Sisters Caryl Woof, Susan Towler and Anne Lurcott (Sarah’s mother). Their mother, Dorothy, was Florence’s daughter.
Back in June we put a special time capsule
on display which gave us a fascinating glimpse of Liverpool life in 1856. Originally laid on 9 December, 1856 in the foundation stone of the workshop, warehouse and showroom of Abbott’s Cabinet Makers, it was rediscovered by builder John Connell during renovation work at the ‘Scandinavian Hotel’, on the corner of Nelson Street earlier this year.
Sarah Light, from West Sussex, heard about the display and got in touch to tell us that she is a descendant of the Abbot family and was very interested to see that the time capsule had been laid by her great great great grandfather, Samuel Abbott! Sarah knew a little about the family and the business and gave us more information.
Also present at the burying of the time capsule, was 25 year old William Abbott, Samuel’s son, who was also a cabinet manufacturer in the family business. William and his wife Martha Freer, who had been married in September the previous year, lived at 242 Upper Parliament Street, Toxteth Park and went on to have at least 10 children.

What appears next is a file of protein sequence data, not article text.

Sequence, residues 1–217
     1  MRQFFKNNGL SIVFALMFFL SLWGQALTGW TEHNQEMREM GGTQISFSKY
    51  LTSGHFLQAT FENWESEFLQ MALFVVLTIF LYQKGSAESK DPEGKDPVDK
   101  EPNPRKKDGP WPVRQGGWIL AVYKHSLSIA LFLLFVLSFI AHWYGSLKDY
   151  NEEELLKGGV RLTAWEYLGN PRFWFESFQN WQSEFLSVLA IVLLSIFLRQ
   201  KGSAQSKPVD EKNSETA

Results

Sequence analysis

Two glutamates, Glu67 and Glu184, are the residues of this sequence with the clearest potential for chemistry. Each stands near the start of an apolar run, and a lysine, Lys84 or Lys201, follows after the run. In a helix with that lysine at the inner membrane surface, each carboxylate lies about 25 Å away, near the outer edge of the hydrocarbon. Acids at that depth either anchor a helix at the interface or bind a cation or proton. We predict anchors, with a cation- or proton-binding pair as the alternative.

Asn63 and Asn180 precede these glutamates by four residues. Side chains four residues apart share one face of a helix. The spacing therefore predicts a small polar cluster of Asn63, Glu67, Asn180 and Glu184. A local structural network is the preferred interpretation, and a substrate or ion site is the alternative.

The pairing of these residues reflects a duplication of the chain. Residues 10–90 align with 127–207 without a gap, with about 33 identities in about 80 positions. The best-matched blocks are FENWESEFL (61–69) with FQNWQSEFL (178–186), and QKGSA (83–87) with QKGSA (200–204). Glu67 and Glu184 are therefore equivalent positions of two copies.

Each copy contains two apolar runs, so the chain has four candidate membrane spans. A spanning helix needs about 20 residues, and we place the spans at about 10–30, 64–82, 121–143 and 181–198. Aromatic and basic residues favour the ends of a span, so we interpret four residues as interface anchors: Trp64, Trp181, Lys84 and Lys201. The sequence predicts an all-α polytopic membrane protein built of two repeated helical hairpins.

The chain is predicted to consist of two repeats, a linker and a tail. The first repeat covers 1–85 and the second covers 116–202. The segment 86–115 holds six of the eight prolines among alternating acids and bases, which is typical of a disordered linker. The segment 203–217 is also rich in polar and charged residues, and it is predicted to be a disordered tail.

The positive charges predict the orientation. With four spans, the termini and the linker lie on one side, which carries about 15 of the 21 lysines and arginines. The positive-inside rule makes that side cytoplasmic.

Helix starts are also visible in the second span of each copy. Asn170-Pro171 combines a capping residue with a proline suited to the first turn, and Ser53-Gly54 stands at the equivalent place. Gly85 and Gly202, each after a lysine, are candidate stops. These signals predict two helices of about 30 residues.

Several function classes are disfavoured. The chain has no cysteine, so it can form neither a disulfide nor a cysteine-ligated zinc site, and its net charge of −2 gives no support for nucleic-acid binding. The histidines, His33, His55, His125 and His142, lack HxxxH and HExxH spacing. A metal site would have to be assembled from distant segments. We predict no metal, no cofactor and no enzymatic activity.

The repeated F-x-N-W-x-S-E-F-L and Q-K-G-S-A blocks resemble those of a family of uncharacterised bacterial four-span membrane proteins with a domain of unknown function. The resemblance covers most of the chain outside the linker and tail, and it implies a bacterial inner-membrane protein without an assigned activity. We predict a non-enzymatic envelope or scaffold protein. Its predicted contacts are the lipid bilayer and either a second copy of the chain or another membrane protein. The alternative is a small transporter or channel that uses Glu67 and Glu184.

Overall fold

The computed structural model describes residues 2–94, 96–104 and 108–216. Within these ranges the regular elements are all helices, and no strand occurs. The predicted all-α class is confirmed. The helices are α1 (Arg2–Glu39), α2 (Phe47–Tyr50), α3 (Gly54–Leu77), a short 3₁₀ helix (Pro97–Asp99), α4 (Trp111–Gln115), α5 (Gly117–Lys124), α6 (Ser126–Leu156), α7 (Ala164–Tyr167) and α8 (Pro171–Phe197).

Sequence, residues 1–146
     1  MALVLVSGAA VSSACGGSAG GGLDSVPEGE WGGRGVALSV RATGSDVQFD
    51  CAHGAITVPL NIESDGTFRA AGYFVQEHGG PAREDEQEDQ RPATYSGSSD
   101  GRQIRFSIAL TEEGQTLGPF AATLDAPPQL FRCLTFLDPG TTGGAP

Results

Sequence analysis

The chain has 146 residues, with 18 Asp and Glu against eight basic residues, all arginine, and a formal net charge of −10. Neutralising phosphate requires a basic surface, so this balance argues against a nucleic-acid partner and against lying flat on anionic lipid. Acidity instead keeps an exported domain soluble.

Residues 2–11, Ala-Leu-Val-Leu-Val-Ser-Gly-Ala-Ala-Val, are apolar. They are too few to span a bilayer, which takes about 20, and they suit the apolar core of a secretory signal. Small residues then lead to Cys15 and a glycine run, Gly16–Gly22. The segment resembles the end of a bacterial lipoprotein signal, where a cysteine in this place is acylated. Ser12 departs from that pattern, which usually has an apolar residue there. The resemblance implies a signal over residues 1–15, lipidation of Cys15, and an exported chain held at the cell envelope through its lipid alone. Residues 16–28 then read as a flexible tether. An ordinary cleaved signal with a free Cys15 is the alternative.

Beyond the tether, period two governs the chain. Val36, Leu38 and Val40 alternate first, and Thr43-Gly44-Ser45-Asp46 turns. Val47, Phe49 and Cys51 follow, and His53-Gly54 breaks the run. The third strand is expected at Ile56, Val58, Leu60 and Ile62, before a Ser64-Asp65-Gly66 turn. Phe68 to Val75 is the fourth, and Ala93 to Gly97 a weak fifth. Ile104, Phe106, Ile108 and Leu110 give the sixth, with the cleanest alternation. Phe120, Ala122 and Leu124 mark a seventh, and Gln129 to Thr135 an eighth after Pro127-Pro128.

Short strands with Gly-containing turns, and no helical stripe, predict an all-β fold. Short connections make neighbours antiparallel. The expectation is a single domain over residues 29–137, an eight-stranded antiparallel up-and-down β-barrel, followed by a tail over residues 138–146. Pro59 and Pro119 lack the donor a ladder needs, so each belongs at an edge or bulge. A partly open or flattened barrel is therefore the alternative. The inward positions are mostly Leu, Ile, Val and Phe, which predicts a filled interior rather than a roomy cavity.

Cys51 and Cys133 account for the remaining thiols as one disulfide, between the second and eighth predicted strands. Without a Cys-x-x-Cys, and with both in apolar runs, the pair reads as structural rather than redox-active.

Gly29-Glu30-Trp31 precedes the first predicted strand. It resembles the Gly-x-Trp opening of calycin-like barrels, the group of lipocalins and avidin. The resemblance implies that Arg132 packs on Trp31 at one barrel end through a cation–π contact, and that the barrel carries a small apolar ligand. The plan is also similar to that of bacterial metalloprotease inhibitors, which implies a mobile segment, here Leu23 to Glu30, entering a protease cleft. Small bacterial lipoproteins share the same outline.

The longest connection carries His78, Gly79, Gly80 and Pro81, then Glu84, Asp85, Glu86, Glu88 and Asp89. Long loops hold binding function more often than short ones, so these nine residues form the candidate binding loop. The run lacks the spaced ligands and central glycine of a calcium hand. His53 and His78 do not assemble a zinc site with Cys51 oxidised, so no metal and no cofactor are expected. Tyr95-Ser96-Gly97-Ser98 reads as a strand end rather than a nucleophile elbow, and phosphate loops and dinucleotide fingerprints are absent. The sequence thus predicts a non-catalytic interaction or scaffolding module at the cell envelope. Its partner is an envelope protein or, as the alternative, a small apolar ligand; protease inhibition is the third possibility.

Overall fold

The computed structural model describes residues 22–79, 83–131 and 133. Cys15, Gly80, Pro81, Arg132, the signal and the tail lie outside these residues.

In the 1881 census, William’s son, Walter (aged 24) is listed as a cabinet maker and another son, Albert, (17) is listed as an apprentice Cabinet Maker - continuing the family dynasty. The company employed 20 men, 11 women and 3 boys at the time.
Florence, one of the William and Martha’s daughters later told the family that two or three of her brothers emigrated to America. Perhaps exporting furniture from Liverpool? Also, two of her brothers had been born deaf - Florence herself was completely deaf from middle age after a bout of scarlet fever.
Are there still Abbott family members in Liverpool? Are you one of them?